Books & Quotes · Reviews.

Madly, Deeply – Alan Rickman Diaries

When Alan Rickman was in his 40s, he appeared in two roles that proved life changing for him. And if you have followed his career, you definitely know them.

One was the criminal mastermind in the thriller of 1988 Die Hard where he portrayed Hand Gruber, a terrorist who has seized control of a Los Angeles skyscraper and taken hostages. He starred alongside Bruce Willis and audiences were captivated by his talent whose interpretation of a psychopath stole the show. As a New Yorker critic noted later ”As portrayed by Rickman, Gruber seems to possess a strange fatalism, as if he expect to lose, and to die, all along”.

The second role was that of the similarly devilish Sheriff of Nottingham in 1991’s Robin Hood: Prince of Thieves alongside Kevin Costner and Morgan Freeman.

Rickman went on to play many characters over the years and appeared by the side of numerous famous actors of his time. One of the most prominent roles he took on was that of Professor Severus Snape in the Harry Potter series. In all his roles he was an actor magnetic in his menace and fury.

But if there’s one thing a reader will understand through his recently published diaries it’s that he was not one to bask in his successes. On the contrary, despite the doors that his first roles opened for him, the films are tetchily referenced. This is partly because Rickman did not regard them as his finest work.

The diaries cover a period of 22 years, beginning in 1993 and ending in December 2015 with his last diary entry before his passing some weeks after at the age of 69. Through his writing and notes, one will see him during the height of his career.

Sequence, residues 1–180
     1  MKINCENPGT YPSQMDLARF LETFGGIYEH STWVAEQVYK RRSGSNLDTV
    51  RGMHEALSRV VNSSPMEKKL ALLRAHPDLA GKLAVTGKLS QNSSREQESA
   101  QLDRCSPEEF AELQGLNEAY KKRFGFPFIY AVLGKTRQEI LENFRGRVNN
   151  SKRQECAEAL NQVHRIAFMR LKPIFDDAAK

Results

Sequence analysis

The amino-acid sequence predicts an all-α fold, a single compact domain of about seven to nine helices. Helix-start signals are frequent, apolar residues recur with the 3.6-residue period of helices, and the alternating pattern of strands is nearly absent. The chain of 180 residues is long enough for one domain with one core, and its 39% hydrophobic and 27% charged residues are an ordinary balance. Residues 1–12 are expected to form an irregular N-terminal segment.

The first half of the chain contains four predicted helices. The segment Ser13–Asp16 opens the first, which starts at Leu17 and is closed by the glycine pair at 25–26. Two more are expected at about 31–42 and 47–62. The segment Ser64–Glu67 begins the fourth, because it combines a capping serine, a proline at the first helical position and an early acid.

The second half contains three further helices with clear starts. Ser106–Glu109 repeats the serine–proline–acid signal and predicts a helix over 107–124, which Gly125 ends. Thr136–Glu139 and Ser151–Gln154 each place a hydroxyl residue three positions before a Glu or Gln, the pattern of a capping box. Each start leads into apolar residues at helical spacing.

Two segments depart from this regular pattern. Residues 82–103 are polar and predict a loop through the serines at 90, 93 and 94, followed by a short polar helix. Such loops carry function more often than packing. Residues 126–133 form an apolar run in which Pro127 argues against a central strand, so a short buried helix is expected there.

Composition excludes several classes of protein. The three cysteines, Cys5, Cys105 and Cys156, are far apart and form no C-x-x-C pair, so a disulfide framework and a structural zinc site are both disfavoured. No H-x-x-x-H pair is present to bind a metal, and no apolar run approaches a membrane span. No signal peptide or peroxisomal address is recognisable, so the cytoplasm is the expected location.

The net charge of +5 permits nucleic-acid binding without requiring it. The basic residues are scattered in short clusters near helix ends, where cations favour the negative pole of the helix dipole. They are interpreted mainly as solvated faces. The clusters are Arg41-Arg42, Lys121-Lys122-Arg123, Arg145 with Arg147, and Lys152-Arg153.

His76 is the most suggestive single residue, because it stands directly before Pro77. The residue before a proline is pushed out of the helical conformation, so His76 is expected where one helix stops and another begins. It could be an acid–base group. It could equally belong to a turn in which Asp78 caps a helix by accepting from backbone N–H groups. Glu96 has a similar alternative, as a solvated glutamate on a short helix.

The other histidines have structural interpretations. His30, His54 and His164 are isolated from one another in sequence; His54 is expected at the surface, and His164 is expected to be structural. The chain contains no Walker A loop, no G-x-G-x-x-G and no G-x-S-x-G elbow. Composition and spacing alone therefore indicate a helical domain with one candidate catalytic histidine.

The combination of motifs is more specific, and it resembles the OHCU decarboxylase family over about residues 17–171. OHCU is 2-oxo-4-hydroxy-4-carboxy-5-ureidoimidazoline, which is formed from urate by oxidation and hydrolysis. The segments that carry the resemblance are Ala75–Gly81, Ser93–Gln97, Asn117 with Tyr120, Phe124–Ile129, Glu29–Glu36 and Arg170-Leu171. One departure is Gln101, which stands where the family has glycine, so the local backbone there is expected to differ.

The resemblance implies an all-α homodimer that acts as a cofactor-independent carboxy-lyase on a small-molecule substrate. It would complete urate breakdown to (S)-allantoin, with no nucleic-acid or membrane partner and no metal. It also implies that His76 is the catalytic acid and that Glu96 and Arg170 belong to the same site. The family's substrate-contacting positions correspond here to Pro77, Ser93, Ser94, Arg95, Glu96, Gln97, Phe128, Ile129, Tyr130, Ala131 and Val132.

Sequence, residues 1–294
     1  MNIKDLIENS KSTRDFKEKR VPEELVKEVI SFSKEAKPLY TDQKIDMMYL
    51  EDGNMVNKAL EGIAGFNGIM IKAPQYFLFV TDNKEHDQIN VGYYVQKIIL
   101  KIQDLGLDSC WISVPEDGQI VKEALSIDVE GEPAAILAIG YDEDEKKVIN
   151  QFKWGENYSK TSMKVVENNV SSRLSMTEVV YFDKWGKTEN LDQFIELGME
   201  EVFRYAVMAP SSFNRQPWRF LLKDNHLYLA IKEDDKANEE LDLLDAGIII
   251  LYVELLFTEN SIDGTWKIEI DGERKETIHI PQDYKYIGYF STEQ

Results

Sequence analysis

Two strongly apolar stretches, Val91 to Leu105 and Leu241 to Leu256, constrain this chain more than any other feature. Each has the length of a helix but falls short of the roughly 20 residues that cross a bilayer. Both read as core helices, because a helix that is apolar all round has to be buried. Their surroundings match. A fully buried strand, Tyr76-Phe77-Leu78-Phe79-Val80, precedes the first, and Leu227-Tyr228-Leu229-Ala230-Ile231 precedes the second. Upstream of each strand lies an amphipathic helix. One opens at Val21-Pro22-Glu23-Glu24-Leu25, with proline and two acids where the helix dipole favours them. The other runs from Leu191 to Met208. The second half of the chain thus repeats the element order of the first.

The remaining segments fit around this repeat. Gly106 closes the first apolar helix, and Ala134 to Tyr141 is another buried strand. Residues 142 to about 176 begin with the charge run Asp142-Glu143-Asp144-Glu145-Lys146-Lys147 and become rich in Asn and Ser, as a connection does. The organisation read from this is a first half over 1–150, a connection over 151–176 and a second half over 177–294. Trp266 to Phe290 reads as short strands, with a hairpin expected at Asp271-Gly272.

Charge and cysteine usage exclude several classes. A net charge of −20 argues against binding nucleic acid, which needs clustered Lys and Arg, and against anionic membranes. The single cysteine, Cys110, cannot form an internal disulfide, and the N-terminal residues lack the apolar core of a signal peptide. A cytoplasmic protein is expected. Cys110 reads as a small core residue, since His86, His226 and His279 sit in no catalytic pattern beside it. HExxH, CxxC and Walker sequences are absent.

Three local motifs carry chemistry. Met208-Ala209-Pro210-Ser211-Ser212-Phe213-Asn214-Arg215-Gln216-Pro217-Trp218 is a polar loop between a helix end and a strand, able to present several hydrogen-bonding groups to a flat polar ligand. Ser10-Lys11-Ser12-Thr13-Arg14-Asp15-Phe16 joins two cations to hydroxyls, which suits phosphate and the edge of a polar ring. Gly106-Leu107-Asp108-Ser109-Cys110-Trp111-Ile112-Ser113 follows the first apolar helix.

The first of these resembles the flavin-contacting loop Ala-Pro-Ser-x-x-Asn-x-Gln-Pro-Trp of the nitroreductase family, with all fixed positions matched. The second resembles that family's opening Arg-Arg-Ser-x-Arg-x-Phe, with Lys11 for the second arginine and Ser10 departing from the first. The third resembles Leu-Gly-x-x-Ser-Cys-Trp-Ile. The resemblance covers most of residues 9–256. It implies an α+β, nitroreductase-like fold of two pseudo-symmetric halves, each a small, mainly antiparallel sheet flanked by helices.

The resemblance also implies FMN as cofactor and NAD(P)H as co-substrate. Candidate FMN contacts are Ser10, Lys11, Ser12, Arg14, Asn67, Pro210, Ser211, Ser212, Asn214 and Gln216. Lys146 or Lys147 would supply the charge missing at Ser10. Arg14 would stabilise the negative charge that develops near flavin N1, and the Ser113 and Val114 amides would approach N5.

From the outside, Alan Rickman’s life appears exhausting. Full of rehearsals, film screenings, theatre visits, ceremonies, house purchases and dashes to catch planes for various locations and purposes. However, one will also come across the quiet days and the casual dining outs with colleagues and more often his friends and his partner.

In general, the tone of the diaries is gossipy and amusing but also irritable and anxious. There are numerous depictions of his colleagues and comments about them only someone with such a strong opinion would put down in paper. Rickman was a loyal man and generous. He was a devoted friend and blown away by the talents of many, especially of Emma Thompson’s with whom he appeared in a couple of films over time. Of course, external events are contemplated, such as elections, deaths and more.

The book is not for everyone to read. Although an easy read, it depends on the tolerance one has for actors and their fascinating life.

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